Chlorine shock is usually added to a swimming pool to either kill bacteria or kill algae growth in the water. Before you shock a pool you’ll need to scrub the pool walls and floor with a pool brush. Scrubbing your pool works to loosen particles and algae growth that are clinging to your pool surface.

If you don’t get these particles freed from your pool surface they may be able to survive the shock in the pool. If you have teal green pool water, green water, or black or yellow spots on your pool surfaces, you need to scrub your walls a lot before you shock a pool.

Shocking your pool will kill bacteria and algae in the water, but if they’re hiding away on the walls they might survive the shock! If you want to learn more about how to kill yellow and black algae in your swimming pool, check out our articles on the subject.

Other than scrubbing and vacuuming your pool, you’ll want to balance your pool’s pH level. if your pool’s pH levels are unbalanced it can impact how the chlorine shock purifies the water. Get your pool pH to between 7.4-7.6 before shocking your pool to ensure the chemicals do their job well.


Pool shock gets your swimming pool water balanced and cleaned. It’s a super dose of sanitizers that work to break down large particles in the water and remove heavy bacteria and algae contamination.

Most pool shock comes in either non-chlorine shock or calcium hypochlorite chorine. Non-chlorine shock is better for hot tubs and spas since these usually use bromine rather than chlorine.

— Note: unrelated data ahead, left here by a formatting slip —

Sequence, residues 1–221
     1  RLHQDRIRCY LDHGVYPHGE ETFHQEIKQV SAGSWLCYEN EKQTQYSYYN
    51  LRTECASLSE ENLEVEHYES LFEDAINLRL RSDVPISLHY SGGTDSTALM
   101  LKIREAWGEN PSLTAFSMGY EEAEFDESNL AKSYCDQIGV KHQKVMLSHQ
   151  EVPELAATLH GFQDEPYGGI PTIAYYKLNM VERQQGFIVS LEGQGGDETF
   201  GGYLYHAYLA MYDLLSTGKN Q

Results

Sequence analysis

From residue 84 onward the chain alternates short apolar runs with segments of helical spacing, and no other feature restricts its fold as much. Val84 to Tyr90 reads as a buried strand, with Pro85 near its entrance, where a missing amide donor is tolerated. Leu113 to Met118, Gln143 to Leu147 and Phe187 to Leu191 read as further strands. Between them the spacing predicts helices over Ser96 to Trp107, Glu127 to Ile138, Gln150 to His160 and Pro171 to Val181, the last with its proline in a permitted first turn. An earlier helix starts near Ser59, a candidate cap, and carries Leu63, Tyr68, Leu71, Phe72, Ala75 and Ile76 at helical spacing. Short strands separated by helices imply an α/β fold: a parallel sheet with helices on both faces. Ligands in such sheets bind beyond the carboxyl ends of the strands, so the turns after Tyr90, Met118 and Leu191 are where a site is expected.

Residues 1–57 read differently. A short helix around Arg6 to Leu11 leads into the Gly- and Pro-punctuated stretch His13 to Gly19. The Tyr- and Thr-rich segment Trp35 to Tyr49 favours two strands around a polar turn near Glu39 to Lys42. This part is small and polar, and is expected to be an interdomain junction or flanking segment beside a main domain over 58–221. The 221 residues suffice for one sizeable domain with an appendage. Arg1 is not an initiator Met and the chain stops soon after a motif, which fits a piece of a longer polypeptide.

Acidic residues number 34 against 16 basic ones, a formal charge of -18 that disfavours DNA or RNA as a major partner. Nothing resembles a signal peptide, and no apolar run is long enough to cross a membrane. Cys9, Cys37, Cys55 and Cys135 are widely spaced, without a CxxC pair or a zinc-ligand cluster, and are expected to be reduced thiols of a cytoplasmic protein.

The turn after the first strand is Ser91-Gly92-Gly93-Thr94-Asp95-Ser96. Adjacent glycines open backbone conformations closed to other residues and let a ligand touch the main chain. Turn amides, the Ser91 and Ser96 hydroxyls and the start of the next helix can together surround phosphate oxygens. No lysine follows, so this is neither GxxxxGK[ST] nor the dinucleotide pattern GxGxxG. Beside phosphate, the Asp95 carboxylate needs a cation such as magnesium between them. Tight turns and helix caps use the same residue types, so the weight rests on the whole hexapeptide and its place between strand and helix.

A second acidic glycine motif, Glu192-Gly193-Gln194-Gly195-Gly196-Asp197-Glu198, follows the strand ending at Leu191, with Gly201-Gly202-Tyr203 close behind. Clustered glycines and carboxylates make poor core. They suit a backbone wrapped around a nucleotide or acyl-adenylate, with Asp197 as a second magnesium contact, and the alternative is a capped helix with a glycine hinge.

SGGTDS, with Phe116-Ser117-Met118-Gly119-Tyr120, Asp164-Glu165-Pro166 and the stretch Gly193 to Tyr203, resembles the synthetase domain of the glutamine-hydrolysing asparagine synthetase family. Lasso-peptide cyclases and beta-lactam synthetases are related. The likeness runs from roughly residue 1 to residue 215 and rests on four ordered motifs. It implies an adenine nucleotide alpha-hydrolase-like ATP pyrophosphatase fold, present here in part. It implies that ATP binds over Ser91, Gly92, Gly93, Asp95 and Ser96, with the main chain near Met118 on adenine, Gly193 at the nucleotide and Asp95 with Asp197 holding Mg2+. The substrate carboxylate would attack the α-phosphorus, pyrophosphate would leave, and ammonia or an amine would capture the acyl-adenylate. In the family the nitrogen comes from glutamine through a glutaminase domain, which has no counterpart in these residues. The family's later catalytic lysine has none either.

A swimming pool uses chlorine pool shock that contains calcium hypochlorite. Both of these varieties are powerful at balancing your pool water and keeping away unwanted organic debris and heavy particles.

If you’ve tried shocking your pool several times and still suffer from cloudy water, you might need to add a clarifier or flocculant! If you want to learn how to clean cloudy water check out our two articles on the subject!


How Do You Know if a Swimming Pool Needs Shock?

The tell-tale that it’s time to shock a pool is the presence of bacteria, algae, or cloudy water. Pool shock also helps balance your water to ensure the pH is balanced at the ideal neutral levels. if you’re struggling to keep your water chemistry balanced and cleaned it might be time to add pool shock!

Is Liquid Chlorine Shock Better than Granular Shock?

Liquid chlorine is the better option for shocking your pool if you need a powerful dose of sanitizer. Liquid chlorine pool shock acts faster since it doesn’t contain a stabilizer. While a stabilizer is great for regular chlorine since it prevents the chlorine levels from dropping due to UV rays, it can also slow down the efficacy of the pool chemical.

When Should You Add Pool Shock to Your Water?

Nighttime or sunset are the best times to add pool shock to your swimming pool. Since pool shock doesn’t usually contain cyanuric acid as a stabilizer, adding it at night will ensure it has a chance to do its job. Never shock your pool during the day since the UV rays will dissolve the chlorine levels before they get to sanitize the water.

Should You Run Your Pool Pump After Shocking Your Pool?

Keeping your pool pump running is an important part of effectively adding shock treatment to your pool. Let your pool pump run for between 6-8 hours after you shock your pool. This will not only ensure the chemical gets evenly dispersed, but will ensure the algae, bacteria, and other particles get pulled from your swimming pool!

Can You Over Shock a Pool?

Yes, you can over shock your pool. To prevent this from happening, check your water pH and chlorine levels regularly. This is the best way to ensure your free chlorine levels are balanced and doing their job properly.

If you’ve over shocked your pool, you’ll need to add fresh water to counteract all the chemicals in the water. Add the water, test the levels, and add chlorine until your free chlorine is back to proper levels.